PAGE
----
The Sheik's Kidnapped Bride(Desert Rogues, Book 1)(26) by Susan Mallery
When the luggage had been loaded into the trunk, Roger got behind the wheel and started the limo. In a matter of minutes they’d left the airport behind and were headed for the city. Dora let her gaze move from window to window as she took in the sights of her new homeland.
They headed south to the coastal highway, then east, toward the city. The roads were wide and well-maintained, and the cars she saw were a mixture of old and new. The blue sky drew her attention again and again, and she found herself wanting to lower the window so that she could inhale the scents of the air.
“Would you mind?” she asked, lightly touching the control lever.
“Please.” Khalil leaned back in the seat. “This is to be your home. I want you to feel comfortable.”
She thought about telling him that she’d feel much more comfortable if he would touch her arm or take her hand, but she didn’t have the courage. They might technically be married, but she didn’t feel she had the right to any of a wife’s privileges.
She pressed the lever, and the window on her side lowered soundlessly. Instantly a cool breeze whispered against her face. She could feel the warmth of the sun, inhale the faint salt of the sea, along with that strange, slightly sweet aroma.
They were in the far left lane of the highway, moving along at a fast rate of speed. Dora saw rows of palms along the side of the road. “Date palms?” she asked.
“Yes. Not that long ago they were a staple food supply through the long summer. Now they have become more of an export crop, although they are still a part of the El Baharian diet. Look.” He pointed to her left.
She turned and saw a man in nomadic dress leading two camels laden with burlap bags.
“He’s heading for the souk—the marketplace,” he added. “One of the largest and oldest in the city is by the palace. I’ll take you there sometime.” Despite her nerves, Dora felt a flicker of excitement at the thought of all the exotic adventures awaiting her.
They continued toward the city. As they passed through the financial district, she strained her neck to try to see the tops of the glass high-rises. Several of the names on the signs out front were from companies she recognized.
“Jamal, my middle brother, handles the country’s finances, as well as the family money.” Khalil jerked his head toward the cluster of Western-style buildings. “While my father had the idea of making El Bahar the financial center of the Arab world, Jamal is the one who made it happen. He designed the packages that brought the big banking and financial companies here. Of course our billions are substantially less than the Bahanians’ wealth.”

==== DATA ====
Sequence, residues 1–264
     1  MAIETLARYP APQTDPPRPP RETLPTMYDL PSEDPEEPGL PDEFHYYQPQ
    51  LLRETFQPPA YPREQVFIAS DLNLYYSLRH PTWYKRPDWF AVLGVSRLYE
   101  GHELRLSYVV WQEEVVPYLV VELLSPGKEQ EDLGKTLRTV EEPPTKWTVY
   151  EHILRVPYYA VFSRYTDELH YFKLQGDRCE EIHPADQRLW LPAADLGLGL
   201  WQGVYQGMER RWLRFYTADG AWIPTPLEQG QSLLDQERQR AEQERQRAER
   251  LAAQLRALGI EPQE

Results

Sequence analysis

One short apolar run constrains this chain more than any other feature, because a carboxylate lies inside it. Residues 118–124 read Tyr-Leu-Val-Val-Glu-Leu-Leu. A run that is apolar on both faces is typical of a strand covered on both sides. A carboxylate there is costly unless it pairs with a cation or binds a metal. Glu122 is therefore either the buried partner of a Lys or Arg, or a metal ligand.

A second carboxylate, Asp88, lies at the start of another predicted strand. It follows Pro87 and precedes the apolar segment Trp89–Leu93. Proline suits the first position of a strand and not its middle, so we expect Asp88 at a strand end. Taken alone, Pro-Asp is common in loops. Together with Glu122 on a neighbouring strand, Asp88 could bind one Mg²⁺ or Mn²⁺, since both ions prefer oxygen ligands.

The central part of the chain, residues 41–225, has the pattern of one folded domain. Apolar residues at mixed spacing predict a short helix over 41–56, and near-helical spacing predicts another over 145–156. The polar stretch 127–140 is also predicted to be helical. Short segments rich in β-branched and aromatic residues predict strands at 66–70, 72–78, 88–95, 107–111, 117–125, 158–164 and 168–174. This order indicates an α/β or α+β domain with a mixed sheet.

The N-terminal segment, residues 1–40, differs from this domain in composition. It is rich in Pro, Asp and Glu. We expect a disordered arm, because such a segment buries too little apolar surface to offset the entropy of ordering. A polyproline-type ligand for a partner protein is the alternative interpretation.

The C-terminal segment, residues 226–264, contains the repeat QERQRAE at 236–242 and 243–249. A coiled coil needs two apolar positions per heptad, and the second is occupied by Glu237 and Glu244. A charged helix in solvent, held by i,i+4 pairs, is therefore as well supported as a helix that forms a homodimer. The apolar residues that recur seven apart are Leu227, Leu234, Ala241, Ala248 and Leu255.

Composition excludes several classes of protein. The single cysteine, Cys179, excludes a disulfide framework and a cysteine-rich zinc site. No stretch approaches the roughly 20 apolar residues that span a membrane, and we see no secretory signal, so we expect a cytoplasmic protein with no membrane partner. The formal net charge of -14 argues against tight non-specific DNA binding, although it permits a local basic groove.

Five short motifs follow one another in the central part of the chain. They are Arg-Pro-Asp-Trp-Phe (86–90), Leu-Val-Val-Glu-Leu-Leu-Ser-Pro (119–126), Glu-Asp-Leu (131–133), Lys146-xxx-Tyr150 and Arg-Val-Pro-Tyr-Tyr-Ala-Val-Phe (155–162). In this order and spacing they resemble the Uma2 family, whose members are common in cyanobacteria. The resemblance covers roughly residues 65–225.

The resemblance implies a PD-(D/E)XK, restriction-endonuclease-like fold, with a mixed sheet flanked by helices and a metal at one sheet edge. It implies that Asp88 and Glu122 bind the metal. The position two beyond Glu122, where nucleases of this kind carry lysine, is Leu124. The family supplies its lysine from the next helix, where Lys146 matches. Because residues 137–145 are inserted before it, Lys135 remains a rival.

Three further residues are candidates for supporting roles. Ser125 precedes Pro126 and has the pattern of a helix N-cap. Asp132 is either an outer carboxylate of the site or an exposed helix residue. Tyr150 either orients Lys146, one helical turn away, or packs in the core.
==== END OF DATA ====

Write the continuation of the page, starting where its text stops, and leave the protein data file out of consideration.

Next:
“Who?” she asked.
“Bahania—it’s our neighbor to the northeast. Between us and Yemen. My father always says that his troubles are nothing when compared with the king of Bahania. Where I am one of three sons, the king of Bahania has four sons and a daughter.” He shook his head. “The two fathers are good friends, and for a while my brothers and I thought there would be an arranged match between the two countries, but my grandmother is Bahanian, and there was concern about mixing the blood lines.”
Dora stared at him, her interest in the city temporarily forgotten. “Your father has arranged marriages for his sons?”
“Of course. We’re a royal family.”
As if that explained it all. Except it explained nothing. “But you don’t have an arranged marriage.” Horror gripped her. “You have. You have other wives.” Her stomach tightened as a cold fever swept through her. Wasn’t El Bahar a Muslim country? Weren’t men allowed four wives? Dear God, she’d made a hideously, awful mistake and she had to—
Khalil laughed. “I’m not sure what you’re thinking right now, but you look as frightened as a mouse about to be eaten by a hawk. I have no wife other than you, Dora. El Bahar allows its people to celebrate many religions, but a man may take only one wife. My father claims for some men that’s one wife too many.”
She licked her suddenly dry lips. “Are you sure?”
His expression turned indulgent. “Quite sure. I’ve lived here all my life, and I’m familiar with the customs. Now stop asking questions and look. We’re coming up to the palace.”
Only then did she notice that they’d turned off the main road and were on a side street. Although the street was smoothly paved, the alleys leading off between buildings were cobblestoned. She could see storefronts and small houses right next to an apartment building with brightly colored laundry lining the balconies. In a large side yard, a half-dozen children played soccer. One of the boys—a child of maybe eight or nine—saw the car and called out to his friends. Immediately all the children ran toward the limo. They waved and called out greetings. Khalil put down the window on his side and waved back.
“Prince Khalil! Prince Khalil! Welcome home.”
One of the little girls bent down, picked a flower and tossed it toward the slow-moving car.
Dora felt as if she’d found her way into central casting for some movie from the fifties. “They speak English,” she said.
“Most people here do,” he told her. “It’s required in all the schools, and we encourage it in business transactions. El Bahar is preparing itself to be a major player in this century.”
Dora continued to watch as the car turned down a long, tree-lined street. So far all that she’d seen had made her feel better about her situation. No doubt the worst was behind her.
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